One of the workhorses of in any biology lab is Caenorhabditis elegans or nematode worm just 1mm long. Biologist regularly use C. elegans to gain insight into topics ranging from embryonic development and aging to genetics and neurobiology.
In 1986, C. elegans became the first to have its entire nervous system mapped out. This creature, it turns out, contains just 302 neurons with 7000 synaptic connections between them, the fewest of any animal.
Scientists hoped that such a map — a connectome — would help them reverse-engineer the behavior of the nervous system by measuring how a stimulus to one neuron affects the others. This, they thought, would allow them to predict the behavior of the creature in any circumstances.
But things haven’t worked out like that. It turns out that measuring the effect of one neuron on another in a living creature is exceedingly difficult, let alone the effects on all 301 other neurons.
Since then, various breakthroughs have made these kinds of in vivo measurements significantly easier. Now Gal Haspel at the New Jersey Institute of Technology in Newark and colleagues, say that the goal of reverse-engineering C. elegans entire nervous system is now within grasp. “C. elegans has far fewer neurons and neuron-neuron connections, making it a great starting point,” they say.
Success would have profound implications. It would allow a computer to use these measurements to simulate the nervous system of a living organism for the first time — that’s reverse engineering. It would provide profound insights into the way creatures process sensory information, make decisions, and how they learn and behave. And it would pave the way for reverse engineering more complex brains, including our own, perhaps even inspiring entirely new kinds of artificial intelligence.
The connectome — an anatomical map of links between neurons — is insufficient to reconstruct the way the nervous system works in practice. That’s because the map lacks information about synapse strengths and the way each neuron behaves. What’s more, in C. elegans every neuron receives inputs from dozens of others.
Teasing all this apart can only be done with detailed, painstaking measurements that are beyond the capability of mortal human lab workers.
But that changed in the early 21st century when scientists developed a set of techniques for switching genes on and off with light. So-called optogenetics can be used to stimulate neurons with light and then measure the effects by looking for the light emitted.
At the same time, scientists have developed ways to automate the measurements of neural activity in vastly parallel experiments. This creates vast datasets which machine learning techniques can use to reconstruct the original behavior of the neurons in a wide range of conditions.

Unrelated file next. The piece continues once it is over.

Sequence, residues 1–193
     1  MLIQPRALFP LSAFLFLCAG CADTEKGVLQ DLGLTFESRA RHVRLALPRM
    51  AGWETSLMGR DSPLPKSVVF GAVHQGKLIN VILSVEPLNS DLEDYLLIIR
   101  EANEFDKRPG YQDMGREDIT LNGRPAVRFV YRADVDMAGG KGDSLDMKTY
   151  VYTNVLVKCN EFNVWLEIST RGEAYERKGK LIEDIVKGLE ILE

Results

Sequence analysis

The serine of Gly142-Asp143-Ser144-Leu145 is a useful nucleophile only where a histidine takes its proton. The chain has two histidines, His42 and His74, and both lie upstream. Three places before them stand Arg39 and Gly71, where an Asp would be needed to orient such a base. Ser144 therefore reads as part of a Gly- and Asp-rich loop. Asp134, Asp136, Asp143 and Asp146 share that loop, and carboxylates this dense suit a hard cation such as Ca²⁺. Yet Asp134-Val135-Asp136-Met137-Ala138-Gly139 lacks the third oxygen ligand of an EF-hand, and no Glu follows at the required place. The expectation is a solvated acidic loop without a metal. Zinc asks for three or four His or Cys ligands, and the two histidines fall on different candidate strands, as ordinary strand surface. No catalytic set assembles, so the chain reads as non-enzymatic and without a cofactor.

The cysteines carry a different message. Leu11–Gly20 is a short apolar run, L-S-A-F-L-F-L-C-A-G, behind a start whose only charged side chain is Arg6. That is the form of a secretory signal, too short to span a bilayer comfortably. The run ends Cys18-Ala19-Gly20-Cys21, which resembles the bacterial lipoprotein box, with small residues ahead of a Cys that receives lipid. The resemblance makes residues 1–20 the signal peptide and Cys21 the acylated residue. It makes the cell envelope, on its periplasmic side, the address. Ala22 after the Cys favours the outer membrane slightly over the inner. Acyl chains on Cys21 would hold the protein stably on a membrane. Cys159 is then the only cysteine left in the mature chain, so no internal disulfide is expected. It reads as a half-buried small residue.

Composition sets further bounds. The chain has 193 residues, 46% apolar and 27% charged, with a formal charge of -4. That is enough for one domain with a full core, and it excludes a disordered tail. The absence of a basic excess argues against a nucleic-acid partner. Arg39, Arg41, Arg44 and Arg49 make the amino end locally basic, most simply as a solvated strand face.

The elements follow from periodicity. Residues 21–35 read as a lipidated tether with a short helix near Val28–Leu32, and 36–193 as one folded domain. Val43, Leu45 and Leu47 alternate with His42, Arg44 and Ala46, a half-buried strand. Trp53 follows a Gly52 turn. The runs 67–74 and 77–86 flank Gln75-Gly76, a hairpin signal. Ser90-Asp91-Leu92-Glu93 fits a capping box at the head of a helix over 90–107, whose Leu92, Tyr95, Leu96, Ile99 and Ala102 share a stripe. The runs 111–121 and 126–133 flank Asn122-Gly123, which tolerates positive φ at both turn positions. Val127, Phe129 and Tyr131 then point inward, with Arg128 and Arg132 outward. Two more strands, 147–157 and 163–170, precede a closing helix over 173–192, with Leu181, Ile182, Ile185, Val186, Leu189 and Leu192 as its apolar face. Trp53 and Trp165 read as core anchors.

Haspel and co say these innovations should finally make it possible to reverse engineer C. elegans nervous system at last. And they have put together a large consortium of scientists with all the requisite skills to get it done.
They propose automating experiments on a massive scale to systematically understand all the connections between neurons. Optogenetics will allow researchers to activate neurons in C. elegans with light and to record the responses across the nervous system. Advanced microscopy will image the location of key molecules while also tracing neural morphology at nanoscale resolution.
The goal will be to determine how each neuron's output depends on the activity of every other neuron that connects to it. Modelling these interdependencies will reveal the computational rules embedded in the structure of C. elegans’ nervous system.
By exhaustively mapping these functional connections between neurons, this large-scale initiative aims to reverse engineer a complete simulation of the C. elegans brain. “Modern machine-learning based modelling should then enable a simulation of C. elegans’ impressive breadth of brain states and behaviors,” say the team.
That’s an ambitious goal and one with significant implications. Having a virtual version of the C. elegans nervous system will allow rapid, inexpensive hypothesis testing. Researchers can tweak in-silico versions of neurons to observe the simulated effects on worm behavior. That could help screen potential drugs and gene therapies for neural disorders ahead of animal trials.
“Reverse engineering C. elegans will provide a Rosetta-stone-like translation between the language of annotated connectomes and functional properties,” say Halpern and colleagues.
Ultimately, the insights gained from reverse engineering the simple C. elegans nervous system could be used to create virtual models of more complex nervous systems with the ultimate goal of reproducing the human brain in all its complexity.
That’s still a distant dream but one with magnificent potential.
Ref: To reverse engineer an entire nervous system : https://arxiv.org/abs/2308.06578
This article was prepared with the assistance of Claude.AI